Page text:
Entrepreneur and military historian Shalom Lamm has spent many years contributing to the Jewish-American community. Shalom Lamm’s recent work includes Operation Benjamin, a project that provides proper grave markers for fallen Jewish-American soldiers, including one who died following the Bataan Death March.
Most accounts of the Bataan Death March describe it as one of the most devastating events a soldier could experience. However, one soldier, Marine PFC Irvin Scott, lived to tell how an act of humanityby a Japanese guard saved his life.
Ill-trained and inexperienced Philippine and American soldiers were forced to retreat into the jungles of the Bataan Peninsula after a Japanese attack at Luzon. The Allied forces surrendered, but the Japanese marched the prisoners of war 66 miles from Mariveles to San Fernando in groups of 100.
Survivors witnessed their comrades dying from disease, lack of food, being run over by trucks or tanks, and being bayoneted. When they finally arrived at POW camps, PFC Scott and others were ordered to build a road to Tayabas, but Scott had contracted malaria and passed out while working. A Japanese guard secretly provided him extra food and medicine, which the guard hid in a banana leaf and dropped onto the ground. This act helped save Scott’s life.
For decades, Shalom Lamm has leveraged his success as a managing member of Lion and Lamm Development into good works for his local community and the Jewish community at large. In addition to holding membership with the Hevra Kadisha, Shalom Lamm serves as a tireless advocate for the recognition of Jewish American soldiers who died fighting in World War II.
To support his interest in this area, Mr. Lamm founded Operation Benjamin, a nonprofit that works to ensure fallen Jewish soldiers are buried with an appropriate Star of David grave marker. Recently, Operation Benjamin collaborated with the American Battle Monuments Commission and the US ambassador to the Philippines to place Star of David headstones over the graves of Jewish soldiers buried at the Manila American Cemetery.
Since its dedication in 1960, the Manila American Cemetery has served as the resting place for 17,184 fallen American soldiers who served in World War II. The cemetery, which is located in the Philippines, spans 152 total acres and includes a white masonry chapel, as well as mosaic maps that recognize the achievements of the American Armed Forces. In addition, Manila American Cemetery honors over 36,000 soldiers missing in action, whose names can be found on the Tablets of the Missing.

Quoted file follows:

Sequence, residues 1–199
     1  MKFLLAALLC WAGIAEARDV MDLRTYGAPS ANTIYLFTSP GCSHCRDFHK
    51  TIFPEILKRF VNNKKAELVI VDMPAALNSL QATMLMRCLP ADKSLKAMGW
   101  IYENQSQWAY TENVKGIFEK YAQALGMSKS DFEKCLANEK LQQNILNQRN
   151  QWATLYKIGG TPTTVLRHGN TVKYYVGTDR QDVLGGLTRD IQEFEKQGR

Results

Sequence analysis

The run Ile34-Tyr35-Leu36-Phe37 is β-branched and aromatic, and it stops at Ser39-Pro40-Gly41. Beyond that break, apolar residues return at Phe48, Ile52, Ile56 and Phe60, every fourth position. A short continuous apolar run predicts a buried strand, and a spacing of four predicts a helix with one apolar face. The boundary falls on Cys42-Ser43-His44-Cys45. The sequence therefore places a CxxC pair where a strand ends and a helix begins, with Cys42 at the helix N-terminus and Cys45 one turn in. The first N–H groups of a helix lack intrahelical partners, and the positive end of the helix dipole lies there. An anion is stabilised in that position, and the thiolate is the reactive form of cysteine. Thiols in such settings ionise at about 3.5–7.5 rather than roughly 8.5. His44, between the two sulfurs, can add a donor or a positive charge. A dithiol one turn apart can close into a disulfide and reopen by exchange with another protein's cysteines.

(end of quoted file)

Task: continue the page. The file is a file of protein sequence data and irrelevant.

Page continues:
For further information on the Manila American Cemetery, visit http://www.abmc.gov/Manila.
Shalom Lamm is a highly experienced executive who specializes in the acquisition, financing, rehabilitation, and development of rentals and housing. Shalom Lamm also has a great interest in military history, which encouraged him to take a master’s degree in military studies from the American Military University.
In the simplest sense, military history is the study of the wars that have been fought, lost, and won throughout the history of the world. Whether fought with catapults, guns, or bots, wars have been major forces of change over the centuries. Military history aims to shed light on warfares and analyze its roots, immediate effects, and lingering effects.
The study of military history involves detailed operational studies. It requires looking at the impact of war in society as people know it today. It takes a look at how the wars of the past have led to the development of institutions and governments. It also studies the evolution of warfare technology. Ultimately, military history seeks to analyze how wars, as the biggest test of mankind, have shaped societies and individuals over time.